Remarkable Leadership with Kevin
Chief Potential Officer
The Kevin Eikenberry Group
Kevin Eikenberry is a world renowned leadership expert, a two-time bestselling author, speaker, consultant, trainer, coach, leader, learner, husband and father (not necessarily in that order). He is the Chief Potential Officer of The Kevin Eikenberry Group, a leadership and learning consulting company that has been helping organizations, teams and individuals reach their potential since 1993. Kevin’s specialties include leadership, teams and teamwork, organizational culture, facilitating change, organizational learning and more. He has worked with Fortune 500 companies, small firms, universities, government agencies, hospitals, and more. His client list includes the American Red Cross, A & W Canada, Chevron Phillips Chemical Company, John Deere, Purdue University, Sears Canada, Shell, Southwest Airlines, the U.S. Marine Corps, U.S. Mint, Verizon and many more.
Kevin writes two email-based publications: Unleashing Your Remarkable Potential, a weekly publication read by more than 22,000 worldwide, to assist organizations and individuals in turning their potential into desired results; and Leadership Updates, sent several times each week. In addition, his Leadership and Learning Blog has been recognized on several occasions as one of the best leadership blogs in the world.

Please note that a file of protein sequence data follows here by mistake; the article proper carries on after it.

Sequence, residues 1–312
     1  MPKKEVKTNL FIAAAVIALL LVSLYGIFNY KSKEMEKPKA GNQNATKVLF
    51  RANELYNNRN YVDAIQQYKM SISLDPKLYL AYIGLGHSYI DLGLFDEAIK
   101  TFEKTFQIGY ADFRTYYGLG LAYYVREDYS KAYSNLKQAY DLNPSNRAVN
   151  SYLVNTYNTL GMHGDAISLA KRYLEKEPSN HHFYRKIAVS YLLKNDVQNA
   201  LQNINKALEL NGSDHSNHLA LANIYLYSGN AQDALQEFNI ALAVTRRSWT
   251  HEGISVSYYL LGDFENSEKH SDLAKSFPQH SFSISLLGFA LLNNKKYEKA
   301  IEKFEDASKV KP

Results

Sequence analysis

National pride, pride in your company, pride in your products, pride in your children, pride in your team, pride in self. These are things we think about in a positive light. Yet we also know that same pride can get in our way too. Let’s put this dichotomy, this paradox, into perspective with a couple of real life situations.
A large percentage of presentations aren't very effective or very persuasive. Why?
As leaders, we need to have an understanding of what is going on around us. We need to be informed, aware and observant. We must have inputs that inform us about the world so that we can make better decisions. Yet I agree that too much news is a waste of time and will possibly dampen your positive thinking or outlook. What is my answer to this balancing act then? Consider these six strategies.